Diana Galakhova

Rediscovering Franz Schubert’s piano music through the pianos of his time

University of Bergen, Faculty of Fine Art, Music and Design, The Grieg Academy - Department of  Music

In my research I am going to focus on the performance practice of the piano music of Franz Schubert on the pianos of his time. Even though Schubert’s keyboard repertoire had been an object of scholarship, in a context of historical pianos it remains hardly explored. Recent research suggests that performance notation is rather accidental and advisable in Schubert’s manuscripts. Therefore, I argue that original Viennese instruments play a crucial role in understanding Schubert’s musical text, his compositional decisions and performance practice. Through my experimentation with practising and performing on fortepianos I expect to reveal interpretational solutions and musical meanings only possible with the authentic acoustical and technical affordances of these instruments. A musical instrument with its unique timbre, sound world, registers, and tactile qualities inspires the artist during performance, revealing musical meanings and expressions hidden behind the musical text. Moreover, I intend to reflect on my artistic practice on fortepianos and find adequate solutions in Schubert’s repertoire on a modern grand piano.


In the course of the research I am going to combine my artistic practice with a modern scientific investigational tool of spectral analysis. It is an approach rarely executed in piano performance scholarship, let alone in the study of Schubert’s piano music. This method will enable us to perceive the sound of Schubert’s piano music free from the subjectiveness of the human ear. The acquired data will help heighten my aural awareness in my artistic practice by acknowledging the acoustic characteristics of a given instrument and the way Schubert had dealt with them in his compositions.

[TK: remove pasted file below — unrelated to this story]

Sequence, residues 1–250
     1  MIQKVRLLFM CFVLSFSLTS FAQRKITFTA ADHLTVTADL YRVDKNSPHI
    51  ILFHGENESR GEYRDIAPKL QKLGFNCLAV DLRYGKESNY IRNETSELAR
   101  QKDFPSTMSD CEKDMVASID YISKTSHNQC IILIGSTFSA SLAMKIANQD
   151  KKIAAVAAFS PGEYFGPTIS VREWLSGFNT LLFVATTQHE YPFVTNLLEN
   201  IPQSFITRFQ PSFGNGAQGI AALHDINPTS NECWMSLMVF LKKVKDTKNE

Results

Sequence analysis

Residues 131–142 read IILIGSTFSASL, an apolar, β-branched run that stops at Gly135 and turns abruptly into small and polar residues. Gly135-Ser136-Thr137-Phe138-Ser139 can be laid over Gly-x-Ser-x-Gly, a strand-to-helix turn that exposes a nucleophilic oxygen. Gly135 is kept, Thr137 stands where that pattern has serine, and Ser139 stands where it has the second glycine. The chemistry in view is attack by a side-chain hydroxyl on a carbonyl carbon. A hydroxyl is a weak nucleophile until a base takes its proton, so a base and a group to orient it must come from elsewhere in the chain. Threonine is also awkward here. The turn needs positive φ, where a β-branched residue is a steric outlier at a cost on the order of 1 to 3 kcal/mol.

The purpose of my research is to revisit Schubert’s piano repertoire and create convincing and informed performance interpretations through the prism of Viennese fortepianos by the implementation of a range of artistic, academic and scientific methods. I firmly believe that my project will provide a considerable contribution to existing scholarship on Schubert and will also offer great help to pianists in their pursuit to understand the aesthetics of the early romantic repertoire.

Diana Galakhova is a PhD Fellow in Artistic Research at the Grieg Academy, University of Bergen specializing in historically informed performance practice

Born in Murmansk, Russia, Diana started her musical education there at the Murmansk College of Arts. In 2011 Diana received a scholarship to study Piano Performance under professor Gordon Fergus-Thompson at the Royal College of Music in London where she graduated with a Master of Performance degree.

Diana received her Bachelor of Arts degree at the University of Music and Performing Arts in Graz (Austria) where she combined piano performance studies (under professor Libor Novacek) with historically informed performance studies on Viennese fortepianos (under professor Katharina Brand).

Diana is a prize winner of both national and international competitions and has enjoyed performing in the UK, Europe and Russia.